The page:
The Art World’s Blind Spots In Dealing With Unemployment

This analysis was originally published on HK art media CoBo Social on 12 October 2020.

Over the course of 2020, COVID-19 has made its presence known across the world, driving billion-dollar industries to a standstill and making it near impossible for vulnerable communities to sustain themselves without aid. In fact, the “sharp recovery,” which took place when businesses resumed following the easing of lockdown measures in various parts of the world, is not at all reflective of long-term economic trends. During the last few weeks alone, mega corporations such as Shell and Disney cut 9,000 and 28,000 positions respectively.

The art world is no exception in experiencing such widespread job losses. According to the first bellwether report exploring the impact of the global pandemic on art galleries in the first half of this year, presented by UBS and Art Basel, galleries all over the world reduced their staff on average by 33 percent. For example, David Zwirner cut nearly 40 jobs across its six locations worldwide, in New York, London, Paris, and Hong Kong. This trend is unlikely to abate as more galleries, even in Asia, close their brick and mortar spaces and focus on online sales and programmes.

“Lost art: Measuring COVID-19’s devastating impact on America’s creative economy,” a report released in August by the Brookings Institution, an established US research group in Washington, D.C., details that between 1 April through 31 July, approximately 2.7 million jobs in the US creative industries were lost. According to Ilostmygig.sg, a website collecting information submitted by Singapore creatives whose jobs have been impacted by the pandemic, the total amount of lost income for those working in media, arts, design and entertainment as of 6 October stands at over SG$30 million.

Since April, museum workers in the US, UK and Europe, from full-time staff to freelancers, have been facing the constant drumbeat of layoffs and furloughs, despite calling out publicly for senior management to take pay cuts or adapt “new imaginative measures to save jobs.” Museum workers on our side of the world are also facing similar pressures. At the end of June, it was reported that the National Gallery of Australia (NGA) in Canberra would lose 10-12 percent of its staff, starting with a voluntary redundancy and possibly further layoffs.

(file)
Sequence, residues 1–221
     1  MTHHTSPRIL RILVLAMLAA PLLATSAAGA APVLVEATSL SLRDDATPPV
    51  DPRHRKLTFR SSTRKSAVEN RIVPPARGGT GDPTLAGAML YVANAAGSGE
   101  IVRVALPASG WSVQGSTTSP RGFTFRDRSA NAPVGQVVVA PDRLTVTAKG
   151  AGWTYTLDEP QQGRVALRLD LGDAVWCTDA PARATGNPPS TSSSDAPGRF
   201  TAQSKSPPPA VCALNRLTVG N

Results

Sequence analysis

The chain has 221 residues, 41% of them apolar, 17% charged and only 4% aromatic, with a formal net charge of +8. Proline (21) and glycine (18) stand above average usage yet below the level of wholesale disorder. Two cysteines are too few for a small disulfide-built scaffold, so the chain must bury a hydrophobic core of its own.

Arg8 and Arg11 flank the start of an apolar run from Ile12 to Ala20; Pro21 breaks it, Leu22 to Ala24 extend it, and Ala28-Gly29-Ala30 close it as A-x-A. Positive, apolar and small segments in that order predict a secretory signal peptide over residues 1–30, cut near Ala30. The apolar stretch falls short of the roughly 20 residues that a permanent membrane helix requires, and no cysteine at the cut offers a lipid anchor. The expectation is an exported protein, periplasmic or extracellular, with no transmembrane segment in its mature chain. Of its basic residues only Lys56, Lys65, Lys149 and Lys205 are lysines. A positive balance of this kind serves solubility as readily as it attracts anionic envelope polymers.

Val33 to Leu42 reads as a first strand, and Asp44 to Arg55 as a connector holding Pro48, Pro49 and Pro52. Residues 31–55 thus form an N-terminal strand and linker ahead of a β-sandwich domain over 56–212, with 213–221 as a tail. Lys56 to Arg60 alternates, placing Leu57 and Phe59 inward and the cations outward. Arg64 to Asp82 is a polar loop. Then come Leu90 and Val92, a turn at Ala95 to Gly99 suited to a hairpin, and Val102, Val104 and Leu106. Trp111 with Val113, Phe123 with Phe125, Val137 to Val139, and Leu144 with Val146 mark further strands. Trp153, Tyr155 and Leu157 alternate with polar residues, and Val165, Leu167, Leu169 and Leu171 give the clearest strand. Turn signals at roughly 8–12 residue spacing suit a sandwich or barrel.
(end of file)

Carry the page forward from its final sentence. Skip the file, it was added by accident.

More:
There are two far-reaching, entwined implications behind the ongoing waves of global unemployment in the art world that are worth examining. The first major consequence is the widening socioeconomic gap, which is largely rooted in pay inequity between senior management and the rest of the staff, an issue even before COVID-19, but now a major point of contention for cultural institutions.

In a letter to the board in June, Asia Society New York staff members pointed out that the 50 percent pay cut taken by Josette Sheeran, their president and chief executive, who earned US$937,000 in compensation last year, was not enough. During the same time, furloughs were also being considered which were later taken off the table. Solomon R. Guggenheim museum director Richard Armstrong, who earned a compensation of US$1.4 million in 2018, took a 25 percent pay cut, which seems a rather modest amount given that the institution is “continuing to target the museum’s most vulnerable staff” with furloughs.

These are just two examples of entrenched fiscal and employment practices in the art world, rampant across sectors and countries. This habit of ensuring the financial security of senior management remains top priority over the welfare of all other staff can only be dubbed the “Ebenezer Scrooge mentality.” Such an approach is truly damaging in its capacity to increase socioeconomic inequality, especially because it intrinsically engenders a lack of social mobility as well as diversity and representation beyond tokenism.

Just last month, artists such as Hito Steyerl and Forensic Architecture added their signatories to an open letter appealing to the Tate to reconsider cutting 313 jobs in its shops, cafés, and restaurants, stating that the affected workers are among “the lowest paid and most diverse section of Tate’s workforce. They are often working-class creatives and they play an integral role in promoting art and culture within the organization.” According to the American Alliance of Museums, people of colour are disproportionately affected by furloughs and layoffs.